Skip to main content

Sign up for our newsletter.

Quality journalism. Progressive values. Direct to your inbox.


White men and boys pose beneath the body of Lige Daniels shortly after he was lynched on August 3, 1920, in Center, Texas, one of this country's over 4,000 lynchings. Photo from Equal Justice Initiative

Lynching Is Bad, Finally Decides Country That Did It Over 4,000 Times For 100 Blood-Soaked Years

Abby Zimet

Over 400 years after trafficking African slaves to the New World and through a century of nearly 200 failed efforts during seven U.S. presidential administrations, Congress has at long last rendered it a hate crime to hang from the limb of a tree until dead the overwhelmingly innocent African-American descendants of those slaves. Named for the 14-year-old black boy savagely murdered 67 years ago for allegedly whistling at a white woman, the Emmett Till Anti-Lynching Act makes lynching a federal hate crime punishable by up to 30 years in prison. It passed the Senate Monday night by almost-unheard-of unanimous consent, and now goes to Biden to be signed. Not long ago, the grotesquerie of lynching was such a popular crowdpleaser that enterprising capitalists sold postcards of the events: "Token of A Great Day." The Equal Justice Initiative has documented at least 4,081 lynchings in 12 Southern states from 1877 to 1950; the NAACP, looking even closer to the here and now, reports at least 4,743 lynchings, with almost all black victims, between 1882 and 1968. Still, it's taken over 100 years for America to agree black lives should matter at least enough to stop the grisly carnage.

The first anti-lynching bill was introduced in 1900 by North Caroline's Rep. George Henry White, the body's only Black lawmaker; it failed to get out of committee. In 1918, after St. Louis race riots killed up to 150 Black Americans, GOP (yes) Missouri Rep. Leonidas Dyer tried again; her bill was filibustered in the Senate by ole boys arguing the "good negroes of the South" didn't need such protections. After years of efforts stalled by "states rights" fans, the most recent anti-lynching bill passed the House in 2020 after the murder of Ahmaud Arbery; it was stopped by Rand Paul of Kentucky - 205 lynchings - who nonsensically claimed it could be used against someone causing "minor bruising." Having added the shiny new words “death or serious bodily injury,” black Senators Kamala Harris, Cory Booker and Tim Scott introduced the new bill in June. Its passage was hailed by Illinois Rep. and former civil rights activist Bobby Rush for correcting the "abhorrent injustice" of a "uniquely American weapon of racial terror that has for decades been used to maintain the white hierarchy" - and to allow perpetrators, including Emmett Till's killers, to "get away with murder time and time again." Hallelujah, said many, and we agree. Still, that's one goddamn long arc of the moral universe, and grisly evidence abounds Cory Booker's "dark chapter in our history" is far from over.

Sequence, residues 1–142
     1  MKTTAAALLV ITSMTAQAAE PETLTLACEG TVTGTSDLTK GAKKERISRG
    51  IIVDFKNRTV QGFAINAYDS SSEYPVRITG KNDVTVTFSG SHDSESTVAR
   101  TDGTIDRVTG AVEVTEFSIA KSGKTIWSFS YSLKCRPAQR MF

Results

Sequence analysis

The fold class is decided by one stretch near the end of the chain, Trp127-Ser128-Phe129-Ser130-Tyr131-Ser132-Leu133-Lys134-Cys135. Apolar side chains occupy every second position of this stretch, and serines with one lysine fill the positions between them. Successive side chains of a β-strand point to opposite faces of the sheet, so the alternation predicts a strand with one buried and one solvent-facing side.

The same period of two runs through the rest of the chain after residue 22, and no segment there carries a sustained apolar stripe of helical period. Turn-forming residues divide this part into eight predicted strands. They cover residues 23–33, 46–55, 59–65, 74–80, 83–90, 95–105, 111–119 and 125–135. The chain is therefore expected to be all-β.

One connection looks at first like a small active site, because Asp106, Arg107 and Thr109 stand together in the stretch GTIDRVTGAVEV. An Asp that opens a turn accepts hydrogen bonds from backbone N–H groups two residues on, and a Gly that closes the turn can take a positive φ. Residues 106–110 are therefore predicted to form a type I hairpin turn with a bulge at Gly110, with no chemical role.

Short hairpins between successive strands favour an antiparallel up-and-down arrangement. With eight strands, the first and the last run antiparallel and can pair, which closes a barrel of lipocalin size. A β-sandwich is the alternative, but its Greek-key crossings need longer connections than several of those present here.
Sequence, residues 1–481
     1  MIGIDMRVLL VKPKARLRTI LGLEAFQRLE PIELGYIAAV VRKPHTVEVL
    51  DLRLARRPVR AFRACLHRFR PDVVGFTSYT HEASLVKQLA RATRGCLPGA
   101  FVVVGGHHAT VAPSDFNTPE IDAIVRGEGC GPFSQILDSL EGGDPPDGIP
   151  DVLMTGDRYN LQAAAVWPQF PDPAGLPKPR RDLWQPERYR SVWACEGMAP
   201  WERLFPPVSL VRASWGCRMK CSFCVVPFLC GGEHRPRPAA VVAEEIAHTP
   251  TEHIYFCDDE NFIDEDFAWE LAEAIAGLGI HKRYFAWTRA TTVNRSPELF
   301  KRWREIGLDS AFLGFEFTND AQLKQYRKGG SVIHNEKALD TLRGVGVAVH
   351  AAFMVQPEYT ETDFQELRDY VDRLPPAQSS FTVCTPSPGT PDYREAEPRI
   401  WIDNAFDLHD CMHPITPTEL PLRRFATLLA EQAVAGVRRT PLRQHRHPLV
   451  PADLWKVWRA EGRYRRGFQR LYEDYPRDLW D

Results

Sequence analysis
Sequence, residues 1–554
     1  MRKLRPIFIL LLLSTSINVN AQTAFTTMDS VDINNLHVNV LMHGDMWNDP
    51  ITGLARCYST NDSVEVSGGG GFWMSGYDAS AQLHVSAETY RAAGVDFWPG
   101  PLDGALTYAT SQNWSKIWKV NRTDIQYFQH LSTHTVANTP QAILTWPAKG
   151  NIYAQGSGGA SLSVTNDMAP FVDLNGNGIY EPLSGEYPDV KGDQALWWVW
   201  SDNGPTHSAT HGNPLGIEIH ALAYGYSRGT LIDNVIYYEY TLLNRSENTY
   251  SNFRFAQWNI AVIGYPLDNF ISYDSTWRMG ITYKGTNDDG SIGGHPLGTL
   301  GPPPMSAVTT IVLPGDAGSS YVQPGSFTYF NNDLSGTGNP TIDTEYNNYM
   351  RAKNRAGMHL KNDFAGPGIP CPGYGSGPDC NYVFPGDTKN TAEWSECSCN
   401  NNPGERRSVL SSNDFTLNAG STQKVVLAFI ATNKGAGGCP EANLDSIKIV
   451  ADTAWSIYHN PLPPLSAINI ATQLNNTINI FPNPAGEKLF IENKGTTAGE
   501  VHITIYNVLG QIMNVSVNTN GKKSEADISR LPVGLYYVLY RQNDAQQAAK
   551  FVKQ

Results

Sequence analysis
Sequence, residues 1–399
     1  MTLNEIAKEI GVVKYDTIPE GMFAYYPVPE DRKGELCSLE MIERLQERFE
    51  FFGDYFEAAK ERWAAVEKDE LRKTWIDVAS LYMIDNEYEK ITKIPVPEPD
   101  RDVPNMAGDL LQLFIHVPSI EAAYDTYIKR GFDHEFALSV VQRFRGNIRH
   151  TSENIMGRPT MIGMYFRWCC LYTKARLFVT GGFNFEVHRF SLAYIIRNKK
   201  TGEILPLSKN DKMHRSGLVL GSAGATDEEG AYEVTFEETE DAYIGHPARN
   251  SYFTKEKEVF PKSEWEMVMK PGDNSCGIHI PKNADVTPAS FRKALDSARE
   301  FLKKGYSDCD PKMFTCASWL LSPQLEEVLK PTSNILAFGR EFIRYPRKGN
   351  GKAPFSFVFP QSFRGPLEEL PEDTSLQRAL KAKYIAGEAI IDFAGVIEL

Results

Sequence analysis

"The past is never dead. It's not even past." - Faulkner

Abby Zimet

Abby Zimet

Abby Zimet has written CD's Further column since 2008. A longtime, award-winning journalist, she moved to the Maine woods in the early 70s, where she spent a dozen years building a house, hauling water and writing before moving to Portland. Having come of political age during the Vietnam War, she has long been involved in women's, labor, anti-war, social justice and refugee rights issues. Email:

We've had enough. The 1% own and operate the corporate media. They are doing everything they can to defend the status quo, squash dissent and protect the wealthy and the powerful. The Common Dreams media model is different. We cover the news that matters to the 99%. Our mission? To inform. To inspire. To ignite change for the common good. How? Nonprofit. Independent. Reader-supported. Free to read. Free to republish. Free to share. With no advertising. No paywalls. No selling of your data. Thousands of small donations fund our newsroom and allow us to continue publishing. Can you chip in? We can't do it without you. Thank you.

Trump Says Mar-a-Lago 'Under Siege, Raided, and Occupied' by FBI

"They even broke into my safe!" the former president claimed as the U.S. Justice Department declined to comment.

Common Dreams staff ·

New Ad Against Herschel Walker Features Ex-Wife's Domestic Violence Accusations

A leader at the anti-Trump group behind the advertisement targeting the U.S. Senate candidate said that "our campaign is built around the voices of Georgia Republicans who know that he's unfit for office."

Jessica Corbett ·

Michigan AG Urges Probe of Alleged GOP-Led Effort to Break Into Voting Machines

"We must denounce the Big Lie and those who refuse to uphold the will of the people in our elections," said one democracy defender.

Brett Wilkins ·

Hopes Rise for Return to Iran Nuclear Deal Destroyed by Trump

"We stand five minutes or five seconds from the finish line," said one negotiator, who added that "three or four issues" that are "sensitive for Iranians and Americans" remain to be resolved.

Brett Wilkins ·

Sinema Received Over $500K From Private Equity Before Shielding Industry From Tax Hikes

"Remember the days when taking half a million bucks from an industry, and then passing legislation that only benefits that industry, while passing the costs onto everyone else, would be called corruption?" asked one critic. "Today it's just lobbying as usual."

Kenny Stancil ·

Common Dreams Logo